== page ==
# Basic Geometry Ideas and Angle Measurement

#### Main Core Tie

Strand: MEASUREMENT AND DATA (4.MD) Standard 4.MD.6

Strand: MEASUREMENT AND DATA (4.MD) Standard 4.MD.5

Strand: GEOMETRY (4.G.) Standard 4.G.1

Utah LessonPlans

### Summary

Students will describe and identify basic geometry ideas including line segments, rays, lines, parallel lines, perpendicular lines, and midpoint. Students will describe attribute of angles and measure angles.

### Background for Teachers

Enduring Understanding (Big Ideas):
Geometric ideas can be identified and described.

Essential Questions:

• Where are examples of lines, segments and rays, parallel and perpendicular lines and midpoints found in the real-world?
• How does a midpoint compare to other points on a line segment?
• What units of measurement are appropriate for measuring angles? When is an angle considered to be a right angle? An acute angle? An obtuse angle?

Skill Focus:
Identify and classify geometric figures using information about their characteristics

Vocabulary Focus:
Point, line, line segment, ray, parallel lines, perpendicular lines, intersecting lines, midpoint, angle, vertex, degree, protractor, acute, right, obtuse, congruent

Ways to Gain/Maintain Attention (Primacy):
contest, sorting, measuring, cooperative learning, manipulative, music, movement, virtual manipulatives-Geoboard

### Instructional Procedures

#### Attachments

Post all vocabulary using a mind map to help students connect the words to their meaning.

Starter: How great is your memory from your past experiences Contest? Try to match each word to the correct picture. Lesson Segment 1: Where are examples of lines, segments and rays, parallel and perpendicular lines and midpoints found in the real-world? How does midpoint differ from other points on a line?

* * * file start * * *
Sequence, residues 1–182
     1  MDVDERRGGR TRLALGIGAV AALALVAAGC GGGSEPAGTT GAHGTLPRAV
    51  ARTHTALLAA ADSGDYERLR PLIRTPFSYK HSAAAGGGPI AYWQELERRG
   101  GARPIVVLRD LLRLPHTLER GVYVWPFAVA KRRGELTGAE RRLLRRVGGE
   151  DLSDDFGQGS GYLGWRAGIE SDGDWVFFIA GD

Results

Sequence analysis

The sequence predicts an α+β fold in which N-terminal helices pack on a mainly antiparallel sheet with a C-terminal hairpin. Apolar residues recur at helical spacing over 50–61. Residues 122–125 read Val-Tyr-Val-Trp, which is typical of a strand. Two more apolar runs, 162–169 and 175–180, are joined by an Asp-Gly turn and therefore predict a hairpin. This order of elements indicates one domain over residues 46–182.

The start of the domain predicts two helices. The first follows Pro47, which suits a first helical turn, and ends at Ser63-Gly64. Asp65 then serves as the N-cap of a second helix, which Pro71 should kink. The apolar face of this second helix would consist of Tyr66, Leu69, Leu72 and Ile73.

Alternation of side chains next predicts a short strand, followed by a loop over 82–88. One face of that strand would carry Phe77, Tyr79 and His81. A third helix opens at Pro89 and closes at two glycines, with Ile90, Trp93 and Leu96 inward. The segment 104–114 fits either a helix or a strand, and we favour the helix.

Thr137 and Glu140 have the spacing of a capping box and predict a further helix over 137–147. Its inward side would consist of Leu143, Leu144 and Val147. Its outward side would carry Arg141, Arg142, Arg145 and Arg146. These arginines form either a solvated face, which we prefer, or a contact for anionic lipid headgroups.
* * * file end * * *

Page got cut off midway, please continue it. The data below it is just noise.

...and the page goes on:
This can be a contest where small groups compete to see how many they can name. As you discuss the starter with the students, have them begin to fill in the Geometry Words journal page (attached). Assign each team of students one idea from the starter except "angle" to consider three real-world examples or situations. Select one person from each team to share the examples, so the class can choose one of those to write on their journal page. As you discuss the ideas, have students fill in their own words and sketches.

Lesson Segment 2: Where are examples of angles found or used in the realworld?
Guessing game: Tell students you are thinking of one of the geometric ideas and that you will point to some examples of that idea in the room. When they think they might know what the idea you are thinking of is, they may write the idea down. After pointing to several examples that suggest where an angle might be formed, ask for responses. Ask students to describe attributes for some of the angles you pointed to such as where the vertex point might be, or where the line segments are which form the angle. Show the math symbol for angle.

Lesson Segment 3: How can I describe attributes of angles?